Inciting Incident (book cover)

Does your story beginning set you up for success…or failure?

The beginning of your story has to captivate audiences. At the same time, it must get your plotting pieces in place. Solve this marketing-plotting conundrum with the new edition of Inciting Incident. You’ll learn:

  • how to time your inciting incident for best effect, including how to delay it without aggravating audiences
  • how much “everyday” world to use before the inciting incident—and when reducing these pages can backfire
  • 8 ways to start your story (and why some “controversial” beginnings might not be as bad as you believe)
  • how to tell whether your prologue is justified
  • how to fix a story that starts too fast (rather than too slow)

Download instantly for $4.99: *

* International prices may vary.

Writing for Movies: the 4 Quadrant Screenwriting Myth

Movie Reel

If you’re trying to write for the movies, you’ve probably heard of the 4-quadrant picture. Simply put, it’s a movie which appeals to all four demographics:

  • young
  • old
  • men
  • women

And every studio loves them — for good reason. They can cast their marketing nets as wide as possible, hopefully ensnaring an equally large proportion of the public. Never forget that Hollywood is a business first & last.

I said it in Screenplay Writing Tips from The King’s Speech and I’ll say it again:

Write your movie from the heart, not for the market.

If you’re one of those lucky screenwriters whose passion projects ALSO coincide with Hollywood trends, then my friend, many doors will be open to you. I wish you well.

For most of us however, that is not the case. If you’re writing a one-quadrant picture, don’t add random subplots and supporting characters to increase its appeal to the other demographics. You’ll just end up alienating your target audience. They’ll trash talk it more than New Englanders at a Red Sox-Yankee game.

There is a simple way though for your one-quadrant picture to rival four-quadrant movies at the box office, and that is to make sure they include rewatchable moments.

What are these rewatchable moments exactly?

As their name implies, they are the moments that your target audience connected to so strongly the first time they saw a movie, that they will pay to see it again and again and again.

This repeat business boosts the box office bottom-line…and a few months later, will also drive DVD sales.

Scenes audience strongly connects to =
Repeat visits to movie theater =
Larger box office potential

Romantic comedies are much maligned one-quadrant movies, but the best of them have wonderful rewatchable moments. I’ve collected 6 of them to inspire you as you write your own movie.

Hitch

Do you remember that scene in Hitch? The one where Hitch tries to teach Albert how to dance?

Whenever I pop Hitch into the DVD player, that scene is what I look forward to watching again the most.

Pretty Woman

For anyone who’s been slighted by a patronizing jerk…the moment in Pretty Woman when Vivian gets to crow about a saleswoman’s big mistake is, “huge.”

Notting Hill

Another rewatchable moment provided by Julia Roberts. This time, from Notting Hill. Half of you will say it’s super sappy, but the other half will agree with me, Julia being “just a girl standing in front a boy” is one of the best parts of the film.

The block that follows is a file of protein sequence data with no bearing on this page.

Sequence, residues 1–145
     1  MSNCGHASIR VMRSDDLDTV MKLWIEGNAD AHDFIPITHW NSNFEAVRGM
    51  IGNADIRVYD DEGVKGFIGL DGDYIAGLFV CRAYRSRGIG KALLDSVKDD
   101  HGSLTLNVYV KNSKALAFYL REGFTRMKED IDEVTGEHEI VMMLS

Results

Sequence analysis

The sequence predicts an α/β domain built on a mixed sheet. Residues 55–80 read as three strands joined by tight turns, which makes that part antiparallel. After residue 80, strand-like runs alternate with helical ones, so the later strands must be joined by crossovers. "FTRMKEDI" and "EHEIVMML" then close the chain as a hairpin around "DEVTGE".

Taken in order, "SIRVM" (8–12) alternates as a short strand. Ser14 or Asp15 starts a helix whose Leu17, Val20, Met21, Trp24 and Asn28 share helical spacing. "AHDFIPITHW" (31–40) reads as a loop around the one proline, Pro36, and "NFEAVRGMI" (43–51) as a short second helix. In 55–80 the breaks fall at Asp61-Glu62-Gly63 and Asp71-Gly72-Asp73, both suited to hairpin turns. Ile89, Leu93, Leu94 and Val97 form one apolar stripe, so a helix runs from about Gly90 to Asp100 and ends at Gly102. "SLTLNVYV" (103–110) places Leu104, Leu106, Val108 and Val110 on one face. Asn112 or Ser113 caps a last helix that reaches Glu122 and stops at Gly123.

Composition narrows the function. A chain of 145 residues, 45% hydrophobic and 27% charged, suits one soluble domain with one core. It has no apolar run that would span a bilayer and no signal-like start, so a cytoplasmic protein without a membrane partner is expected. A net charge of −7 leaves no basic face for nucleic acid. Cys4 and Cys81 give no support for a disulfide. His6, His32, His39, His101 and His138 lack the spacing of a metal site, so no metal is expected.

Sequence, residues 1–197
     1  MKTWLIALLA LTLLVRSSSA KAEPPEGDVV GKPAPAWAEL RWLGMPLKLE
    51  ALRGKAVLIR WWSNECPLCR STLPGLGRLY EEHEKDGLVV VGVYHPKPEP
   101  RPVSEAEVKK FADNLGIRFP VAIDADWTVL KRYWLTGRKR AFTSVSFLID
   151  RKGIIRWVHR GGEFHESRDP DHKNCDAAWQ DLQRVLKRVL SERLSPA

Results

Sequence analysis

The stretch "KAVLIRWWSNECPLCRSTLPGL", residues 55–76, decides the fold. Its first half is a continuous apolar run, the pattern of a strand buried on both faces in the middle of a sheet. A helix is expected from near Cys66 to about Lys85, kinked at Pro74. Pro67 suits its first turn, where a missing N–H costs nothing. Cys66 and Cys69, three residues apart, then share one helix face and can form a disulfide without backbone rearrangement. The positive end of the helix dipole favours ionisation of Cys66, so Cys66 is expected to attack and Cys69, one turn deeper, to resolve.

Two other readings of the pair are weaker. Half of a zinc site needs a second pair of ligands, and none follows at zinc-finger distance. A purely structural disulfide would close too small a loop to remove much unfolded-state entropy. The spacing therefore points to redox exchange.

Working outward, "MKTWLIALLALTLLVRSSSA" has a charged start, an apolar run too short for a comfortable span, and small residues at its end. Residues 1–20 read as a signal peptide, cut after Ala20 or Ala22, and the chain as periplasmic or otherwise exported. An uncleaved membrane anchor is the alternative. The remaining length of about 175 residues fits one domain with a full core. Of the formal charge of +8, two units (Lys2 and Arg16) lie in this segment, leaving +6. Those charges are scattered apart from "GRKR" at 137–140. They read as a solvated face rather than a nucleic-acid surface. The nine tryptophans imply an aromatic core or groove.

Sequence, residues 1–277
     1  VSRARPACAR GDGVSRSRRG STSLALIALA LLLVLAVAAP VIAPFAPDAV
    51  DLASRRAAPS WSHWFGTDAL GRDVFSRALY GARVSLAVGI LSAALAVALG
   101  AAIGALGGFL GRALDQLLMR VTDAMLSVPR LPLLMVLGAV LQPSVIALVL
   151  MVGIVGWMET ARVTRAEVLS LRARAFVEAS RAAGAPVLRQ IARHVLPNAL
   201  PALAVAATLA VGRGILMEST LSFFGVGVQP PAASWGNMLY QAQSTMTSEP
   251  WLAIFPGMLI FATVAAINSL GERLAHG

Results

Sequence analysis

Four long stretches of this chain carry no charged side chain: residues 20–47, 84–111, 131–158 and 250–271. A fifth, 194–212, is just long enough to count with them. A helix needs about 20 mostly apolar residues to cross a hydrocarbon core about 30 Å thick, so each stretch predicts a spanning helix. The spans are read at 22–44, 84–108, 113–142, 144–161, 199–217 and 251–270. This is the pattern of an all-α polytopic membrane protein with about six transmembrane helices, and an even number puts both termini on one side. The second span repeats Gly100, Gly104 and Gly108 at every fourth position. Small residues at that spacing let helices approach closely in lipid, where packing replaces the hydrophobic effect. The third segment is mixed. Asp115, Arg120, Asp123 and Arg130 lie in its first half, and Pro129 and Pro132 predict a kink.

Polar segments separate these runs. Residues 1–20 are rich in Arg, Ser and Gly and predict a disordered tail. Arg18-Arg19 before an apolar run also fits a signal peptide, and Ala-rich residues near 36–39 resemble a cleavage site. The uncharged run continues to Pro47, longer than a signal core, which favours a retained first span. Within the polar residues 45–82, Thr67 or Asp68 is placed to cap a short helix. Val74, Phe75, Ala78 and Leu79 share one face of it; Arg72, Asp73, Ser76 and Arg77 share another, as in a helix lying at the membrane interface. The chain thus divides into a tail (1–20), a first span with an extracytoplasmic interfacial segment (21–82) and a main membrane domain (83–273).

Note: the formatting of this script isn’t quite standard.

WILLIAM

Sorry about that.

ANNA

That’s fine. There’s always a pause when the jury goes out to consider its verdict.

PAUSE. SHE’S AWAITING AN ANSWER.

WILLIAM

Anna. The thing is…I’m a fairly level-headed bloke. Not hugely in and out of love. But…

PAUSE – HE CAN’T REALLY EXPRESS WHAT HE FEELS.

…can I just say ‘no’ to your kind request and leave it at that?

ANNA

…Yes. that’s fine. Of course. I…you know…of course—I’ll just be getting along then…Nice to see you.

WILLIAM

The truth is…

HE FEELS HE MUST EXPLAIN.

With you, I’m in real danger. It looks like a perfect situation, apart from that foul temper of yours – but my relatively inexperienced heart would. I fear, never recover when I was once again—cast aside, which I would absolutely expect to be. There are too many pictures of you everywhere, too many films of you. You’d go and I’d be… a broken man.

ANNA

I see.

(pause)

That really is a real ‘no’, isn’t it.

WILLIAM

I live in Notting Hill. You live in Beverly Hills. We’re from different worlds. Everyone in the world knows who you are. My mother has trouble remembering my name.

ANNA

Okay. Fine. Fine. Good decision.

PAUSE

But the fame thing isn’t really real, you know. Don’t forget – I’m also just a girl. Standing in front of a boy. Asking him to love her.

As Good As It Gets

Top-notch screenwriting created the best compliment ever in As Good As It Gets…which is not really a one-quadrant picture, but is definitely rewatchable!

Jerry Maguire

Many of you might think this next clip has more cheese than Wisconsin. Taken out of context, it does. But with Tom Cruise’s delivery, Rene Zellweger’s earnest face, and the backdrop of the divorced women’s talking group, this is a classic:

Bridget Jones’s Diary

Our last rewatchable moment is one of my all time favorites:

Final thoughts

Are there rewatchable moments from these movies that you’d like to add? Or examples from other movies & other genres? I’d love to hear about the moments that drew you into the theater a second time…

Movie Reel by Thomas Galvez

Comments on this entry are closed.

  • Annie Macdonald April 29, 2013, 2:49 pm

    The end of SOME LIKE IT HOT

    The end of CASABLANCA

    The end of Gone with the Wind

    • scribemeetsworld April 30, 2013, 10:51 pm

      Hi Annie,

      Thanks for sharing your top rewatchable moments. Gone with the Wind is my favorite example of the three!

Previous storytelling article:

Next storytelling article: